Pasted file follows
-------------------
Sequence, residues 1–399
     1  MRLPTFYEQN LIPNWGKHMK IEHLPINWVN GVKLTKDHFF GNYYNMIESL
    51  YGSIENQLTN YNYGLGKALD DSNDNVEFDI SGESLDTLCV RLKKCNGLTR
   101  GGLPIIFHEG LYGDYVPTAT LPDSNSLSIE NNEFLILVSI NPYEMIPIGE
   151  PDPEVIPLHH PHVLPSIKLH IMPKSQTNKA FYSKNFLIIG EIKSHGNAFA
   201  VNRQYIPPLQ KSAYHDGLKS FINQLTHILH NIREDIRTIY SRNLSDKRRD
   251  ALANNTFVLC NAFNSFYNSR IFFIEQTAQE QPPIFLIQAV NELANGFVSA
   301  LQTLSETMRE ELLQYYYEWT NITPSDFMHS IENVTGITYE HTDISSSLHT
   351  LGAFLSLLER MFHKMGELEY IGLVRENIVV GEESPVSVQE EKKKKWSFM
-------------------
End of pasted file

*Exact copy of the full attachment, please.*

Sequence, residues 1–399
     1  MRLPTFYEQN LIPNWGKHMK IEHLPINWVN GVKLTKDHFF GNYYNMIESL
    51  YGSIENQLTN YNYGLGKALD DSNDNVEFDI SGESLDTLCV RLKKCNGLTR
   101  GGLPIIFHEG LYGDYVPTAT LPDSNSLSIE NNEFLILVSI NPYEMIPIGE
   151  PDPEVIPLHH PHVLPSIKLH IMPKSQTNKA FYSKNFLIIG EIKSHGNAFA
   201  VNRQYIPPLQ KSAYHDGLKS FINQLTHILH NIREDIRTIY SRNLSDKRRD
   251  ALANNTFVLC NAFNSFYNSR IFFIEQTAQE QPPIFLIQAV NELANGFVSA
   301  LQTLSETMRE ELLQYYYEWT NITPSDFMHS IENVTGITYE HTDISSSLHT
   351  LGAFLSLLER MFHKMGELEY IGLVRENIVV GEESPVSVQE EKKKKWSFM